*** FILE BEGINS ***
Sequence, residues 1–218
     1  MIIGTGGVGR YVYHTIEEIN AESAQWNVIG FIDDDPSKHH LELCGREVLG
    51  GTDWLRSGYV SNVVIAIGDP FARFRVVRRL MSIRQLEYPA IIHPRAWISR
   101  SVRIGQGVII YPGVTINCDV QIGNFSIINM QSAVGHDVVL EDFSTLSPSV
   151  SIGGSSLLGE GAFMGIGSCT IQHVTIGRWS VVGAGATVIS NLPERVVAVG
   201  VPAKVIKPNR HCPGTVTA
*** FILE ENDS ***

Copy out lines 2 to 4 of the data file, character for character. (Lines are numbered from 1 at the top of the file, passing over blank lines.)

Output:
     1  MIIGTGGVGR YVYHTIEEIN AESAQWNVIG FIDDDPSKHH LELCGREVLG
    51  GTDWLRSGYV SNVVIAIGDP FARFRVVRRL MSIRQLEYPA IIHPRAWISR
   101  SVRIGQGVII YPGVTINCDV QIGNFSIINM QSAVGHDVVL EDFSTLSPSV